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Zlotogora Syndrome

Last updated Feb. 15, 2019

Approved by: Krish Tangella MD, MBA, FCAP

Zlotogora Syndrome, also known as Zlotogora-Ogur Syndrome, is an ectodermal dysplasia syndrome characterized by hair, skin and teeth anomalies, facial dysmorphism with cleft lip and palate, cutaneous syndactyly and, in some cases, intellectual disability.

What are the other Names for this Condition? (Also known as/Synonyms)

  • Cleft Lip/Palate-Syndactyly-Pili Torti Syndrome
  • Ectodermal Dysplasia, Cleft Lip and Palate, Mental Retardation, and Syndactyly
  • Zlotogora-Ogur Syndrome

What is Zlotogora Syndrome? (Definition/Background Information)

  • Zlotogora Syndrome, also known as Zlotogora-Ogur Syndrome, is an ectodermal dysplasia syndrome characterized by hair, skin and teeth anomalies, facial dysmorphism with cleft lip and palate, cutaneous syndactyly and, in some cases, intellectual disability
  • Zlotogora Syndrome is a congenital disorder characterized by sparse and twisted hair (pili torti) and absent or sparse eyebrows, hypohidrosis, dry skin, palmoplantar keratoderma, abnormal teeth (delayed eruption, microdontia/hypodontia, and anodontia in adults), facial dysmorphism (protruding and malformed ears, micrognathia, bilateral cleft lip and palate), cutaneous syndactyly (fingers and toes) and transverse crease on the palms. Onychodystrophy may be present
  • Additional features including intellectual disability, deafness, hypoplastic lacrimal puncta, nipple anomalies, genitourinary abnormalities (hypoplastic scrotum and presence of the testes in the inguinal canal), and lumbar lordosis may be observed
  • Zlotogora Syndrome and Margarita Island ectodermal dysplasia are the same entity

(Source: Zlotogora-Ogur Syndrome; Orphanet, National Institute of Health and Medical Research (INSERM), Paris.)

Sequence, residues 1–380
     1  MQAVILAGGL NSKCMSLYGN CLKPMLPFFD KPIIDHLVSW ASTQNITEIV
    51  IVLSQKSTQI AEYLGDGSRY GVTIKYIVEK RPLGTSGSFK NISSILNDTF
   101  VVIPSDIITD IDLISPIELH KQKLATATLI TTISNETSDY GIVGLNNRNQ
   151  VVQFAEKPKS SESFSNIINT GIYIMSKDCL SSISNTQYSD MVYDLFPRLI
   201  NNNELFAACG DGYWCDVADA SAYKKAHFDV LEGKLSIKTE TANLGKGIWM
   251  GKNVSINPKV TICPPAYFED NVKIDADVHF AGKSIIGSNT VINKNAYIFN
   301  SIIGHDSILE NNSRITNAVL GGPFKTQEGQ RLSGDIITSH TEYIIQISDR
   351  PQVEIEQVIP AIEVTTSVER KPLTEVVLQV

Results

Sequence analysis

Who gets Zlotogora Syndrome? (Age and Sex Distribution)

  • Zlotogora Syndrome is an extremely rare congenital disorder, with less than 60 cases reported worldwide
  • The onset of symptoms may occur at birth or in infancy
  • Both males and females may be affected
  • The disorder is frequent on Margarita Island due to a founder effect

What are the Risk Factors for Zlotogora Syndrome? (Predisposing Factors)

  • A positive family history may be an important risk factor, since Zlotogora Syndrome can be inherited
  • Children of consanguineous parents may bear an increased risk of being born with this syndrome

It is important to note that having a risk factor does not mean that one will get the condition. A risk factor increases one’s chances of getting a condition compared to an individual without the risk factors. Some risk factors are more important than others.

Also, not having a risk factor does not mean that an individual will not get the condition. It is always important to discuss the effect of risk factors with your healthcare provider.

What are the Causes of Zlotogora Syndrome? (Etiology)

  • Zlotogora Syndrome is caused by mutation(s) in the PVRL1 gene
  • This gene codes for nectin-1, which is involved in cell to cell adhesion (with afadin,  and ponsin, known as the NAP-dependent cell to cell adhesion)
  • The condition is inherited in an autosomal recessive manner

Autosomal recessive inheritance: Autosomal recessive conditions are traits or disorders that occur when two copies of an abnormal gene have been inherited on a non-sex chromosome. If both parents have an autosomal recessive condition, there is a 100% likelihood of passing on the mutated genes to their children. If, however, only one mutant copy of the gene is inherited, the individual will be a carrier of the condition, but will not be present with any symptoms. Children born to two carriers, have a 25% chance of being homozygous dominant (unaffected), a 50% chance of being heterozygous (carrier), and a 25% chance of being homozygous recessive (affected).

What are the Signs and Symptoms of Zlotogora Syndrome?

The signs and symptoms of Zlotogora Syndrome may include:

  • Abnormality of the philtrum
  • Abnormality of the ear
  • Anteverted ears
  • Cleft palate
  • Cleft upper lip
  • Cutaneous finger syndactyly
  • Cutaneous syndactyly of toes
  • Microdontia
  • Nail dysplasia
  • Progressive hypotrichosis